Wilson: (Harrelson) likes to have the last word so sometimes it’s best not to have him there in the room with me. I can get my bits in.
Harrelson: I don’t know what you mean by that. You can have the last word anytime.
Q: This film is heavily filled with vegetarian ideology. Have you turned to vegetarianism or veganism after sympathizing or empathizing with the turkeys in this story?
Wilson: I wasn’t thinking that when I wanted to play a turkey, a jive turkey, that it was vegan ideology. I think it was more a funny idea for these guys to be traveling back in time. We could just as easily been playing soybeans traveling to Japan to get tofu out of miso. We just thought turkeys were funnier than soybeans.
Q: They usually video record you when you recording your voice in the booth. Did you see anything of yourselves in the turkeys we see on screen?
Wilson: I did see some of myself. It was uncomfortable.
Q: The gluts and the pecs are Woody’s for sure, right?
Harrelson: I didn’t want to say it, but I’m glad you brought it up.
Q: Woody, are you gratified that something you live on a daily basis—a healthy lifestyle—you’re putting in a film. Kids can be so influenced by what they see in the movies.
Harrelson: I’d sooner eat turkey than pizza so I’m not so sure… I’d better stop right there.
Q: Was there something that surprised you about each other when you met?
Harrelson: I was surprised that Owen takes this stuff very seriously. The first session he came in and was all in feathers. He had that thing (pointing to his chin.). What do you call it?
Wilson: The wattle.
Harrelson: Yeah, that was weird. The wattle. He takes it seriously, very very seriously.
Q: In the film, Reggie’s kind of an outcast. Have you ever felt like that?
Wilson: Yea, my name. As a kid, you want to fit in, and there weren’t too many other kids named Owen. That was always the first rule I’d have in the neighborhood when we played a game, you’d have to have a new name for the game, and mine was always Jim Johnson. So I think every kid can kind of relate to that.
Harrelson: Jim Johnson? J.J.! Buddy!
Q: If you could travel back in time, where would you go?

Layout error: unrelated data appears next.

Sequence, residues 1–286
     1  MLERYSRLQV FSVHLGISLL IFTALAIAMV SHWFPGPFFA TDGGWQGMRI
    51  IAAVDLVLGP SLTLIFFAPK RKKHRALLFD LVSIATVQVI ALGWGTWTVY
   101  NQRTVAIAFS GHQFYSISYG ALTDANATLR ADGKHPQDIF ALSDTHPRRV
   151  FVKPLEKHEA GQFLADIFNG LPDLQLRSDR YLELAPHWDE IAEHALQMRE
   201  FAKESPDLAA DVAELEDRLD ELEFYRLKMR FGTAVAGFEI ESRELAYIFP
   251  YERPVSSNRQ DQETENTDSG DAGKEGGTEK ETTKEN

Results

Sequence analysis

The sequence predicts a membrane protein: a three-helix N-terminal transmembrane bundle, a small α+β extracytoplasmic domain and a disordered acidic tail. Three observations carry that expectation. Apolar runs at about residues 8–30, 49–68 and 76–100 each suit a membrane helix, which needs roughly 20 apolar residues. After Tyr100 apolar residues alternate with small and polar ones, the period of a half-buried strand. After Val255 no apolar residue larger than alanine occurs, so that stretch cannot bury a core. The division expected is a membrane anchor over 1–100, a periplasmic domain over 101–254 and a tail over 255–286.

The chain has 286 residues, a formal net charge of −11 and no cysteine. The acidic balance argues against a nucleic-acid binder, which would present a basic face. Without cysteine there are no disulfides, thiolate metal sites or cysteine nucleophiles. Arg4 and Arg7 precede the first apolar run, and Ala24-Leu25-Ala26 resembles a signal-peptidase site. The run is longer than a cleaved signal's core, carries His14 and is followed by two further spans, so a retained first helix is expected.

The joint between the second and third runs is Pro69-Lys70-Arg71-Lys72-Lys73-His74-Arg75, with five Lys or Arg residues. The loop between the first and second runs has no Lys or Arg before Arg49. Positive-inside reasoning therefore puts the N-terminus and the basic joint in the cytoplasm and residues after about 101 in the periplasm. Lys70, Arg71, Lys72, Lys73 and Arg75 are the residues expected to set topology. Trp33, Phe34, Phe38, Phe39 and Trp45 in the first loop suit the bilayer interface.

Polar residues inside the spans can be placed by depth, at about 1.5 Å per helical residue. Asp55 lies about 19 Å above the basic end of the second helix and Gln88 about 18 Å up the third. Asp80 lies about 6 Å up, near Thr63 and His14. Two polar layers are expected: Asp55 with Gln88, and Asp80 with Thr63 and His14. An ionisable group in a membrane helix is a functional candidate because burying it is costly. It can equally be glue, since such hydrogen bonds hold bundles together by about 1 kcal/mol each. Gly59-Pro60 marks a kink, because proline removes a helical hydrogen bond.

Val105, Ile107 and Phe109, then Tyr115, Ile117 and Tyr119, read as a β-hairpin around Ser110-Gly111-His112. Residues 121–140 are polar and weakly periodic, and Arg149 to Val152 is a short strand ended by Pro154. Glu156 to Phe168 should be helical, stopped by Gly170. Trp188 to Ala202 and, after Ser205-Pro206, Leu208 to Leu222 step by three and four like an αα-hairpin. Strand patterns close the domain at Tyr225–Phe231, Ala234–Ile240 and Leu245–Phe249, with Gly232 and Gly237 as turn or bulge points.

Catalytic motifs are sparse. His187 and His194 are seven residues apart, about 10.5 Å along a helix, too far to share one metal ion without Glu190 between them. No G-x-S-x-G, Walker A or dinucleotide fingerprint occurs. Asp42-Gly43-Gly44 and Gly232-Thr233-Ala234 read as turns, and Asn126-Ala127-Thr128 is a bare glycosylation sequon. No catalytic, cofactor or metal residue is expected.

Wilson: Do we have to go back?
Harrelson: I kind of like the period Owen went back to (the Roaring 20s) in “Midnight in Paris.” That was a good era. It would be nice to run into Henry Miller and some other fun people.
Wilson: (nodding) Yeah, that would be a good one. This is probably my inner 12-year-old speaking but I think about dinosaurs or Custer’s last stand. I’d like to see some action.
Harrelson: With his (blond) hair, he wouldn’t fare too well.
Wilson: I mean safely (watching) what’s happening from a dugout.
Q: How did you come to be part of this film?
Harrelson: Our good buddy Tom Kartsotis is the guy who owns (the animation studio) Real FX, so we were in this from the beginning.
Wilson: I remember being excited when Amy (Poehler, who plays Jenny, a 17th century turkey they meet) signed on. That seemed like, “Wow!” That elevated us.
Q: If you could travel back to a moment in your life what would you want to re-live?
Wilson: Wow! Talk about taking it totally back to the genesis.
Harrelson: Yeah, but talking like I talk now. “Hi, mom!” Yeah, that would be wild.
Q: What age is this movie appropriate for?
Wilson: My son’s almost three. He was watching a clip the other day that we were showing, and he seemed to love it. So I would think from 2.9 (years of age) all the way up to teenagers.
Q: Do you predict a sharp increase in sales of the food delivery business this Thanksgiving?
Wilson: Yeah, turkey pizza!